French synth wizard Jean Michel Jarre is probably better known for his huge and spectacular futuristic sound and light extravaganzas where he illuminated cityscapes all over the world. Rendez-Vous Houston with its record breaking estimated live audience of over one million and Destination Docklands for which he sold over 200,000 tickets are probably some of the most colossal shows ever staged. Therefore to see Jarre playing a tour of arena sized venues seems almost strangely intimate.
That is not to say that Jarre still isn’t thinking big. From the start of the concert where he emerges from a pyramid shaped mass of smoke and lasers like a spectral being with keytar in hand, to the gladiatorial Second Rendez-Vous which brings images of the apocalypse, all flashing strobes and cacophonous beats, Jarre still puts on a big show. To create such an experience Jarre uses visuals that are simple in their operation, but complex in delivery. There are no obscure pseudo arty film projections, or huge banks of lights typical of shows by Britney Spears or U2. Instead Jarre relies on a multitude of lasers, dry ice and singularly powerful flashing coloured spotlights to create a spacey atmospheric gig.
Jarre may have never been considered particularly hip, but his music has a legacy of influence. Kraftwerk, Orbital and Aphex Twin all owe a debt to Jarre’s pioneering sounds. As he wheels out what is effectively a greatest hits set there are moments where you can hear elements of rave, ambient house and techno but much of this was created long before these genres had even been invented. Occasionally the tunes veer into self indulgent prog, particularly when he straps on his keytar, but even this can be forgiven as the plethora of lasers keep everyone entertained.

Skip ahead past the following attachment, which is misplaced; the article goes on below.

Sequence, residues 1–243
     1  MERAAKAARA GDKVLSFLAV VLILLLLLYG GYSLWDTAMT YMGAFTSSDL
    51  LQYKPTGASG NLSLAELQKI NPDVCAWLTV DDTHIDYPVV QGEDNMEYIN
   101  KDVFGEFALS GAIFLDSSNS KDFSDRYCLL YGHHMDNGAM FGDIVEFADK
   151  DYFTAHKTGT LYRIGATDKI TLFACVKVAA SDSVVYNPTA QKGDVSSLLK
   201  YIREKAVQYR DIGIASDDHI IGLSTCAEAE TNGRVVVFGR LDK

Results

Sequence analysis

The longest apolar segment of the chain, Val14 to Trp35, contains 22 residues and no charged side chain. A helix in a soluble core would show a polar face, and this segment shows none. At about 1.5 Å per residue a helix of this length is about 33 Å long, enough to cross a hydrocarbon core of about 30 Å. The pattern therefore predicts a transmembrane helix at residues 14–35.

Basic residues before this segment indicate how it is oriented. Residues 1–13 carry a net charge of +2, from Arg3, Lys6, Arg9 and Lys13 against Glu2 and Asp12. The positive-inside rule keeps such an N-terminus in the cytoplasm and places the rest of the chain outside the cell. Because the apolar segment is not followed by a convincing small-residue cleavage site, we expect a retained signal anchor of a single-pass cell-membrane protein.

Jarre himself is a massive showman, punching the air with glee between pieces, bashing hand cymbals and running through the waves of dry ice that fill the room to greet his fans. Sometimes he comes across like a mad professor having fun in the lab as he twiddles knobs and presses buttons smiling crazily to himself. Variation from keyboards comes from one track played on a theramin and another on accordion, but for the most part it’s electronics all the way.
Electronica can often be criticised for having little emotional soul or intimacy, but Jarre manages to capture the heart several times. On two occasions he comes to stage front to use a laser harp (video shot by Breaking More Waves below - now the is it live or not arguments begin, but this clip suggests it could be), which plays a note each time he breaks a beam. It’s a quiet and relatively still moment away from the lush sprawling pulsing synth sounds. Then there’s the poignant moment when he dedicates a song to his father who died just a few weeks ago - it is widely known that Jarre did not have a good relationship with him. These moments are rare though, the majority of the set being satisfyingly uplifting without ever reaching a deeper emotional core. Such emotional depth is not necessary though - he leaves back through another pyramid of dry ice to a standing ovation.